Latics 2-0 Wolves
Saturday 2nd October 2010
Honestly, I’m struggling with this one. Not because I don’t know how to describe the game or how I feel about the result. Not because I’m unhappy about the team or uninspired by the performance. It’s not even got anything to with the Second Division standard drinking session that followed events at the DW. I’ve just hit a brick wall, I don’t get it any more, am I peeing into the wind with all this stuff or am I really one of only a handful in Wigan who believe that football is about passing the ball to team mates and keeping it away from the opposition?
I’ve give up on reading the numerous message-board threads after pretty much dismissing them as far from reality, but the sort of crap that’s been doing my head in all season has started to creep into my real life. Apparently I know someone who left at half-time and watched the second half in the pub, because they allegedly found the whole thing too boring. The “two-goal rule” applied by some people is another debate all together, the best said about leaving when the game is in the balance, the better.
On top of that, I spent most of my day on Saturday with someone could shamelessly talk about all this “passing shite”, who somehow expected Latics to be able to run through the wolves defence at will and basically (I think) subscribed to the basic theory that, just because the visitors were a man down, Latics should have walked the game. If that’s not enough then throw in another portion of boredom, a tablespoon of “to continental” and sprinkle liberally with a whole shot of “gerritforwud”. What choice did I have but to keep drinking until 3am?
Before I go off on this week’s rant, I need to say that I do get why people like to watch football that makes them go “ooh” and “aahh”, to see people trying to run with the ball, challenging for headers and what have you. I get why people like watching it, but I don’t get why people don’t want more for their own club. I also don’t think that what we are seeing now is perfect and hope I’m not too snobby about ideas like “the right way” to play football. More than anything, I don’t get how people can say that they find it boring watching their team playing.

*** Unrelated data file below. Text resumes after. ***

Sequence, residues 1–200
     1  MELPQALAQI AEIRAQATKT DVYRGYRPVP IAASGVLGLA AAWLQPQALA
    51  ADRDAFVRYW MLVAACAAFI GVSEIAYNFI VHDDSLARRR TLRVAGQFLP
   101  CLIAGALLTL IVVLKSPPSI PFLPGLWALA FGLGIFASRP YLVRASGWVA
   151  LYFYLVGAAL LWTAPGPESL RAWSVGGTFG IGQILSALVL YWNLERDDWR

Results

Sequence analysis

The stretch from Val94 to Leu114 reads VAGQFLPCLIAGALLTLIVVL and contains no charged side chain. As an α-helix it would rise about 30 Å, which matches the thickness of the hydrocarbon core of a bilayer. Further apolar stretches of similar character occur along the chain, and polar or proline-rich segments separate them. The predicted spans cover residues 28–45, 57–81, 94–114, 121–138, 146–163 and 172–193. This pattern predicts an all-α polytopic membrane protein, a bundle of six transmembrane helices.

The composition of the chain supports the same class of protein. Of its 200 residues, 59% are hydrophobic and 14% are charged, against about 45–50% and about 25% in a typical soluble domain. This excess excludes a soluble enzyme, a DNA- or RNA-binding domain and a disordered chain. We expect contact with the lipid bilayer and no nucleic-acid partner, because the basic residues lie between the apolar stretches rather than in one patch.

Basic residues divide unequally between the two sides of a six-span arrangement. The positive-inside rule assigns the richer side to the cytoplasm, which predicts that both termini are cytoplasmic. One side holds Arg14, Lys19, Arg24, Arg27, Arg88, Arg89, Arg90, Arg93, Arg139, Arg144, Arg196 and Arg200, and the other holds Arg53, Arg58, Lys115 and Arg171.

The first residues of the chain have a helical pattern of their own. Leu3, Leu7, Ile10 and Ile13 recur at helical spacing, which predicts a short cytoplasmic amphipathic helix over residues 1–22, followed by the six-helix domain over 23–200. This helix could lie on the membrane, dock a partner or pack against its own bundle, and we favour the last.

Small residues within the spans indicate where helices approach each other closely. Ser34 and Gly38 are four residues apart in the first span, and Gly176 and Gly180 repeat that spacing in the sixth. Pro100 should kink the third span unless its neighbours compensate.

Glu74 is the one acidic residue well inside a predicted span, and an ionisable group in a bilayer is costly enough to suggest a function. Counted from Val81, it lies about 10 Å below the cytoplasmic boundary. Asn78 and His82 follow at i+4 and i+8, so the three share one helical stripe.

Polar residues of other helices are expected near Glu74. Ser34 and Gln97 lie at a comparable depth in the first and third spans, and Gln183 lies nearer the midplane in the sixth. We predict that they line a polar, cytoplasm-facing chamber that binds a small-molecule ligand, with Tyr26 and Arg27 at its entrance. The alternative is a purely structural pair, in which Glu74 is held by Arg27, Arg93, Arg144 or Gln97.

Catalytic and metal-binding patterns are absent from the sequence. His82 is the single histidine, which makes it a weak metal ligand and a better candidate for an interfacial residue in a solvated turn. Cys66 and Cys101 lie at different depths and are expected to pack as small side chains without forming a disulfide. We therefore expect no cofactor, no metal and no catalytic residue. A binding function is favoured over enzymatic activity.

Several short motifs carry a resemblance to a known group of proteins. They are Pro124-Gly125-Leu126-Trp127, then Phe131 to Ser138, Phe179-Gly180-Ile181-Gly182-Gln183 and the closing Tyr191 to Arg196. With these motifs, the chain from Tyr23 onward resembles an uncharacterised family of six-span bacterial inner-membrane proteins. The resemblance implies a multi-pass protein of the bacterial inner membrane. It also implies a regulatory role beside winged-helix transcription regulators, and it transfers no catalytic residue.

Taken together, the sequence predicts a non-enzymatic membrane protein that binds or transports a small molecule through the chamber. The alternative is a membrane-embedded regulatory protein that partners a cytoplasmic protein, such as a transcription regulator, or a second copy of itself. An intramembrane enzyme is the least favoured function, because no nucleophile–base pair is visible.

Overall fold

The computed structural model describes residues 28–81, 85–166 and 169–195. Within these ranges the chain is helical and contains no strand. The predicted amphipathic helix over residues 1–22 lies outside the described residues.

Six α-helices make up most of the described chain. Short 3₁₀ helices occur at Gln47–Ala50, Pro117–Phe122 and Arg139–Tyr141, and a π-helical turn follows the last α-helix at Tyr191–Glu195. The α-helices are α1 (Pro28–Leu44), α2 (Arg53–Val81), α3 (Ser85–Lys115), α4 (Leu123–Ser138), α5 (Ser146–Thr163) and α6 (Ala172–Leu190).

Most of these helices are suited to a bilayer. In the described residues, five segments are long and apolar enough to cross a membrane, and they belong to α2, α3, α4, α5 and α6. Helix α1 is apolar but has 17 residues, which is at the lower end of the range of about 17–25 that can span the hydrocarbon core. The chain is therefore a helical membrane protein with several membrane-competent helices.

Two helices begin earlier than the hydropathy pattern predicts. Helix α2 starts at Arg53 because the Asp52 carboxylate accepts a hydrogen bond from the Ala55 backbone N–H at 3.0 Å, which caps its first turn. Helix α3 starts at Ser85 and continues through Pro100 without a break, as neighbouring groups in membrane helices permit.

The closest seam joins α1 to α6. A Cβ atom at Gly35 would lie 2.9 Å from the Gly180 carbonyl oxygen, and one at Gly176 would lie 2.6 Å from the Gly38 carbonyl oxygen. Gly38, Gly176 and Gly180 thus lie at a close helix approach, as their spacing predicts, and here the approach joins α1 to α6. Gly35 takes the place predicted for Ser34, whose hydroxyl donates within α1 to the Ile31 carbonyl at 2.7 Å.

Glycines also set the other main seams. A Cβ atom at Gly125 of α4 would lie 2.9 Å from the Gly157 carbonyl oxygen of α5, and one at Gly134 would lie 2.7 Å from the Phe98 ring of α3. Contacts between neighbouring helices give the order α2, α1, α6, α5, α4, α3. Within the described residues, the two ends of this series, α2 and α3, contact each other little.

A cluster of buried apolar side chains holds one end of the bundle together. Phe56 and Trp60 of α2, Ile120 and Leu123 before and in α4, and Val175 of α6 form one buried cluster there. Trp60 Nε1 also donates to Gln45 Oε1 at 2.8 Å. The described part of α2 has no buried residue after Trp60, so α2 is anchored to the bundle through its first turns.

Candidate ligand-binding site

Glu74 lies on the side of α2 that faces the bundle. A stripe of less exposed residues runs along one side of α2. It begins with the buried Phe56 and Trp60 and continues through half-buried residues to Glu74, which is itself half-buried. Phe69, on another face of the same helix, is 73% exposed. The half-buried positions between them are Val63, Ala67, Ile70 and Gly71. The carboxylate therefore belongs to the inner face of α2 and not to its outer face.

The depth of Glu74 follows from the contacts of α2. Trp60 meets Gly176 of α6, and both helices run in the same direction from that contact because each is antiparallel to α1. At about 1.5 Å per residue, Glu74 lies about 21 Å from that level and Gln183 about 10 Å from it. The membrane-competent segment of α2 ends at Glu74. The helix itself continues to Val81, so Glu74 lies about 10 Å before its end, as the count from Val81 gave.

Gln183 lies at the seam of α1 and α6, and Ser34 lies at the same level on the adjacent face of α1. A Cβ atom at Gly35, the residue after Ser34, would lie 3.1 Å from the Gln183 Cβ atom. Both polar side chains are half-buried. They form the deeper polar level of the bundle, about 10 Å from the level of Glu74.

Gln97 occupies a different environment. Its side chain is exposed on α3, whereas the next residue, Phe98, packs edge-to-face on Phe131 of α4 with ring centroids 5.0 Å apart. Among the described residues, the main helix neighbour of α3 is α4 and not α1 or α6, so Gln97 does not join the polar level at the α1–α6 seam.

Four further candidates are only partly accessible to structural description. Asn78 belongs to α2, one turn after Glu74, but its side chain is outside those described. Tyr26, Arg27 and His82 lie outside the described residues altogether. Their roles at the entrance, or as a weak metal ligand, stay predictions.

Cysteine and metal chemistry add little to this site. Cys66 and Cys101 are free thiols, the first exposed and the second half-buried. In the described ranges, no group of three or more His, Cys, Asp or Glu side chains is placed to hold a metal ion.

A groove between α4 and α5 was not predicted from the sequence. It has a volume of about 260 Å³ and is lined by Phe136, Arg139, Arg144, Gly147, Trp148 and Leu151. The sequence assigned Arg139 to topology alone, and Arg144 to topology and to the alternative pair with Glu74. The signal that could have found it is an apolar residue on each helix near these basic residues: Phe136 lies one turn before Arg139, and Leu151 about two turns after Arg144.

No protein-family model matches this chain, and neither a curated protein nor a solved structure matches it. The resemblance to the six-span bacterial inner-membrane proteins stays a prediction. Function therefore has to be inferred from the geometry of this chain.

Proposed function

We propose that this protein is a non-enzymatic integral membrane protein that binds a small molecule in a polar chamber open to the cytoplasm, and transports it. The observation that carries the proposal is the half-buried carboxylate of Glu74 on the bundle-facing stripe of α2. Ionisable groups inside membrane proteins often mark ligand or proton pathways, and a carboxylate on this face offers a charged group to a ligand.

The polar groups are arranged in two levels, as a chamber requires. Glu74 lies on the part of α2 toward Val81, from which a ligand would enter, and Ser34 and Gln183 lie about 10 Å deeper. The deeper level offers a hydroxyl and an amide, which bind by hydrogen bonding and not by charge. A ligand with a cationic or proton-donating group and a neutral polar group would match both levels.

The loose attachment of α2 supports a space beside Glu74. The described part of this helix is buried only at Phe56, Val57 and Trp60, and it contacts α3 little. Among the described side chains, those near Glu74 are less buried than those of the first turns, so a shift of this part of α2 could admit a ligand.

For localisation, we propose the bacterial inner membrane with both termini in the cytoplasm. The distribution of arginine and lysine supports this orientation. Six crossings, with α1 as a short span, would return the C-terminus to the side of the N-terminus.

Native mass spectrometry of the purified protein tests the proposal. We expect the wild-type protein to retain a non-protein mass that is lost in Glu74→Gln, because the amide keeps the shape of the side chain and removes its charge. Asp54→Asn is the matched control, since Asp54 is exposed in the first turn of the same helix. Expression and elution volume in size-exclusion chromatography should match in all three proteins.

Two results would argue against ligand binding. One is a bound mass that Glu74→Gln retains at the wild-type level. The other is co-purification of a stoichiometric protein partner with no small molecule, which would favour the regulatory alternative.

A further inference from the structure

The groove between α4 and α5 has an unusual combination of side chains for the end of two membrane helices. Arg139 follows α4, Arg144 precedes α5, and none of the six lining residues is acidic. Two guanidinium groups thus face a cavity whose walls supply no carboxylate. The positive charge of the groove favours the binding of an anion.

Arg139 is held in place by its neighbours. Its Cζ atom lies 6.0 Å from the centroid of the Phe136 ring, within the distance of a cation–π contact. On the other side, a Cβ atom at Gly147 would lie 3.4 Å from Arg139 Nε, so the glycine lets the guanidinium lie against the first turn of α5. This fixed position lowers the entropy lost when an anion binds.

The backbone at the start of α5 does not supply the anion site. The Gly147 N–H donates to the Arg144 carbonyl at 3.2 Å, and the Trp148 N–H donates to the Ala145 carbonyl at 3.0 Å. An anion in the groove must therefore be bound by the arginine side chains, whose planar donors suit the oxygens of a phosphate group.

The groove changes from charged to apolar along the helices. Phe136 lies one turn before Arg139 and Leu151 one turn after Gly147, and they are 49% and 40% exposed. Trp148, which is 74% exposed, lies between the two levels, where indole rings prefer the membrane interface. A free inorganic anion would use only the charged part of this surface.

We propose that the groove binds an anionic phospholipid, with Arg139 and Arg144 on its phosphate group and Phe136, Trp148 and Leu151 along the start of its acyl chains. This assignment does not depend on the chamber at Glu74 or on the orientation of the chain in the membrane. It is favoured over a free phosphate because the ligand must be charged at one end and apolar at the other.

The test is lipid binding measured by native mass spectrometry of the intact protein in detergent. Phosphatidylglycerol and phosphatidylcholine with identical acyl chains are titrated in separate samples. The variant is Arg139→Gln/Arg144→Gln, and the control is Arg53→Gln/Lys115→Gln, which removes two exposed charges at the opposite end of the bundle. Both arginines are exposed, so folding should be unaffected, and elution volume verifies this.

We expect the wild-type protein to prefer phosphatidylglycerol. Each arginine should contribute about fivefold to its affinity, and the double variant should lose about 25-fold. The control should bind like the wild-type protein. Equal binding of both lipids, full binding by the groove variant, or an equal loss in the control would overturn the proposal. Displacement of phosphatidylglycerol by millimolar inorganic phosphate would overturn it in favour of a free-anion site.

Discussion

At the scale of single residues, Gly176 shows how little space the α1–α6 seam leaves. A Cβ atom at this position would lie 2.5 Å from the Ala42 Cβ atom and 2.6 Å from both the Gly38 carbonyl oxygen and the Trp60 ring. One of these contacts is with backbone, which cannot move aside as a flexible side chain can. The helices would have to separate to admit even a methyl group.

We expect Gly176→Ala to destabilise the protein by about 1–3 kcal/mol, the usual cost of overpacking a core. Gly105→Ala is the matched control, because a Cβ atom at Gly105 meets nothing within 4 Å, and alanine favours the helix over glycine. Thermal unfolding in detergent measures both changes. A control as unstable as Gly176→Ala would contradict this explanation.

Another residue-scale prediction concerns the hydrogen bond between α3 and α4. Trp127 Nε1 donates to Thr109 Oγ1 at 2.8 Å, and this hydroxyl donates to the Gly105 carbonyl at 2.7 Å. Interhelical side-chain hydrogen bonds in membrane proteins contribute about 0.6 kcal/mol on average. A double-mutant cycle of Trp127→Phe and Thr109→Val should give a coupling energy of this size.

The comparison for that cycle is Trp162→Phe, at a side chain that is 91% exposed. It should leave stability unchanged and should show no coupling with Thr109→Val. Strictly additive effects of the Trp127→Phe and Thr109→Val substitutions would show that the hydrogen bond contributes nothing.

But on to the FACTs.
For this first one, I should probably refer back to my Sunderland report in case I repeat myself but if everyone else gets to just say the same things over and again then why shouldn’t I. It’s not easy to beat a team that goes down to ten men. In some circumstances it makes the job more difficult. Those circumstances are usually where a team has little or no attacking intention to start with and then they just abandon them completely. Wolves were set up to smash and grab from kick-off and basically had to change little in terms of shape or tactics when Henry was dismissed.
In circumstances like those, it’s actually the team with eleven men that has to change tack. Rather than drawing the other team out and trying to play into the spaces they leave they have to become patient, move the ball around and waiting for the other team’s concentration to break. Rather than playing football, it becomes a game of chess. Rather than two teams trying to outplay each other, it becomes one waiting for the other to make a mistake.